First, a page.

Superstorm Sandy summons Chicago surfers
As the city experiences the residual effects of the now-downgraded Hurricane Sandy, Lake Michigan is about the last place most Chicagoans want to be today.
Unless you're part of the city's small but hardy band of surfers.
This morning as tall, white-crested waves crashed up and down Chicago's lakeshore, WBEZ found about a half dozen surfers at 57th Street Beach on the South Side. A few managed to paddle out and ride the gray waves, ending up on the concrete landing. Jason Gilbert said he surfed for two hours this morning, and the conditions were some of the best he's ever seen.
"It was good. It was awesome, actually," Gilbert said, laughing. "Probably one of the best days I've surfed out on the lake, for sure. Super, super fun."
The National Oceranic and Atmospheric Association's weather data-tracking buoy at the south end of Lake Michigan listed winds at almost 45 miles per hour and waves reaching 19 feet. The surfers said waves nearer the shore were probably closer to 7 or 8 feet.
Gary Schenkel, who heads the city’s Office of Emergency Management, singled out surfing in particular when he warned people to avoid the lake.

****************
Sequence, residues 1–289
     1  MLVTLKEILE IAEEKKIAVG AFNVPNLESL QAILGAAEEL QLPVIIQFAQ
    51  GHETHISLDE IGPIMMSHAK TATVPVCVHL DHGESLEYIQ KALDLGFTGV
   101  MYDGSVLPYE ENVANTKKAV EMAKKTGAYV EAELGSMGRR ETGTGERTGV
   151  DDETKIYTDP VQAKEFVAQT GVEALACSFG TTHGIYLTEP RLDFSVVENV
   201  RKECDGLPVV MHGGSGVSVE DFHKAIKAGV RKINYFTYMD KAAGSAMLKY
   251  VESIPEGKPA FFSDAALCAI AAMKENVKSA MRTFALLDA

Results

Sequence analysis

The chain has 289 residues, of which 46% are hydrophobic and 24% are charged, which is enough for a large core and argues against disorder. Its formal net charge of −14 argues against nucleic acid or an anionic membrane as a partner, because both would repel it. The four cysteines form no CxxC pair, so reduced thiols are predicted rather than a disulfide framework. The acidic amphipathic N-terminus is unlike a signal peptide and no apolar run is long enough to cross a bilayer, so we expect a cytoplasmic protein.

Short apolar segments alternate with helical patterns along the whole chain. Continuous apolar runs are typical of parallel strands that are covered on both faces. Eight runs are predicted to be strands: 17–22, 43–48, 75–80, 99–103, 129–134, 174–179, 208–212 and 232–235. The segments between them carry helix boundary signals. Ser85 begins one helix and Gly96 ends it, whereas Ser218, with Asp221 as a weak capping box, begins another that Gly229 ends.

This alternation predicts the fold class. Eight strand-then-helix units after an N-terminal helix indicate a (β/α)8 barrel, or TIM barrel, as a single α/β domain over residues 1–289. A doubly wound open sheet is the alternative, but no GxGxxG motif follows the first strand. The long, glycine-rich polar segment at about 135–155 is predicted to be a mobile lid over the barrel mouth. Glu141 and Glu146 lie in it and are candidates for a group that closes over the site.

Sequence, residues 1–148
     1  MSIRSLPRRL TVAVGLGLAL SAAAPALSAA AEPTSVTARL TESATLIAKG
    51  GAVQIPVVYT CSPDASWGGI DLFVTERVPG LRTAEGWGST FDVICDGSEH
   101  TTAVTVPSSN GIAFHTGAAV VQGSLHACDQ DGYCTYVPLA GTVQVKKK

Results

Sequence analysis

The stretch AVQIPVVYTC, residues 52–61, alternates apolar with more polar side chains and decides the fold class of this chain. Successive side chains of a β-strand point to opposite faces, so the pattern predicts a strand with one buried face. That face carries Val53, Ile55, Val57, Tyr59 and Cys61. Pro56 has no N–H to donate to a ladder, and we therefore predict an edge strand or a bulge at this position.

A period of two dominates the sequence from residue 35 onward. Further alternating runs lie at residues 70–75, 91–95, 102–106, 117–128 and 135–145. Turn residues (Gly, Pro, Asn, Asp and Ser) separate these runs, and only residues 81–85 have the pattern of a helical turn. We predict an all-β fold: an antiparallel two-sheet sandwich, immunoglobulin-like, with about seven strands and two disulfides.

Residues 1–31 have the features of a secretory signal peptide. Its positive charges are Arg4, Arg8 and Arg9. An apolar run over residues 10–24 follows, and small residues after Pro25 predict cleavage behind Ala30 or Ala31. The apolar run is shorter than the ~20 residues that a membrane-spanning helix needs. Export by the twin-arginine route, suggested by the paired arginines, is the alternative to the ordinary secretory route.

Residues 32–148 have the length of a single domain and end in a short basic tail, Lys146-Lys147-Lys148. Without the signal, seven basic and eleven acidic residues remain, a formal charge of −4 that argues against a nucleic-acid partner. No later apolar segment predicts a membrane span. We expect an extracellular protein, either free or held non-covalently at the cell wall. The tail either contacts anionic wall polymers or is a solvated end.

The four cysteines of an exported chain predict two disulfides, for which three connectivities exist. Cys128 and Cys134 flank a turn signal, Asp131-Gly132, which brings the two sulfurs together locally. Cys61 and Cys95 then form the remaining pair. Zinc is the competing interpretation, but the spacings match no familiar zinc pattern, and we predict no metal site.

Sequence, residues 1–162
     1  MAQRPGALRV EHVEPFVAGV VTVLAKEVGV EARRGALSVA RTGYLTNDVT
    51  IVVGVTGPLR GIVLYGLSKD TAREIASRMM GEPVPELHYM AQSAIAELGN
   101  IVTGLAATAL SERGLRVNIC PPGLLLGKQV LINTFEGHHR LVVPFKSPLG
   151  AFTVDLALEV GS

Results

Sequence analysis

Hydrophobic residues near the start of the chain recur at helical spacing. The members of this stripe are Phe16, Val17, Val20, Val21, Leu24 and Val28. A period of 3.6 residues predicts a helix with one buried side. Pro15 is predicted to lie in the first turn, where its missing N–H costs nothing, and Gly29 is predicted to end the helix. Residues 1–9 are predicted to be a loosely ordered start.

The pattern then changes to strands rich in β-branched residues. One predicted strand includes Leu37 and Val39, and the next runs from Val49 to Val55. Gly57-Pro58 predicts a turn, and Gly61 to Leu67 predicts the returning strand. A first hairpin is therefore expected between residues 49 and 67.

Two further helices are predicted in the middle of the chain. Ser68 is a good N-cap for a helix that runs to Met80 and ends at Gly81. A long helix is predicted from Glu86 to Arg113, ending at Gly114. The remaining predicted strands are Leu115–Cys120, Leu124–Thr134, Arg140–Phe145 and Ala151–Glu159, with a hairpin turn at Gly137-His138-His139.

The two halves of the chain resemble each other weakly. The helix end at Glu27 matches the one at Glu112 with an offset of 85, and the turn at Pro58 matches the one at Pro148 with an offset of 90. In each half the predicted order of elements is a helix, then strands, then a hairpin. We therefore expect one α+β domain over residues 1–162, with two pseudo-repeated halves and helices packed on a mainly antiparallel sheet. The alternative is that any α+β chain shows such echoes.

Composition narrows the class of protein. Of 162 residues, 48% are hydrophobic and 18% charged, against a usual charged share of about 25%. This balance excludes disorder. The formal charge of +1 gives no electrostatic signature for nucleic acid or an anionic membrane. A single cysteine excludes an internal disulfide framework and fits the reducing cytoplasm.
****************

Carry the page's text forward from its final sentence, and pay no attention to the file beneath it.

“We don’t want to endanger the first responders who have to go rescue a person if they decide to make this a surfing event or go running along the path and get swept away if they’re told not to," Schenkel said yesterday. "This could be a very dangerous situation, so we just tell people to stay away.”
But another surfer at 57th Street Beach said they're taking necessary precautions.
"That's the whole deal," Mike Calabro said. "Everyone's all, 'oh, it's so crazy.' But if you're smart and you have experience, it's not crazy at all."
Fellow surfer Mike Killion agreed, pointing to a man jogging nearby in the cold morning air as the one who was 'crazy.' "It's like 20 degree windchill, I'm going to go in some shorts and go running," he said sarcastically.
In fact, the same NOAA buoy reported Lake Michigan's water temperature at 53 degrees, a full 20 degrees warmer than the outside air.
But not every surfer was so quick to take the plunge.
Dave Benjamin hung out at the beach for a couple of hours, trying to decide if he should jump in. Benjamin, who also runs a water safety awareness nonprofit, is acutely aware of the risks surfing in this weather. He was hoping for "cleaner conditions, where it's not so blown out, not such a washing machine."
"But I mean, definitely once you get out there, it's fun," Benjamin said. "I'll be like, what was I thinking, waiting so long?"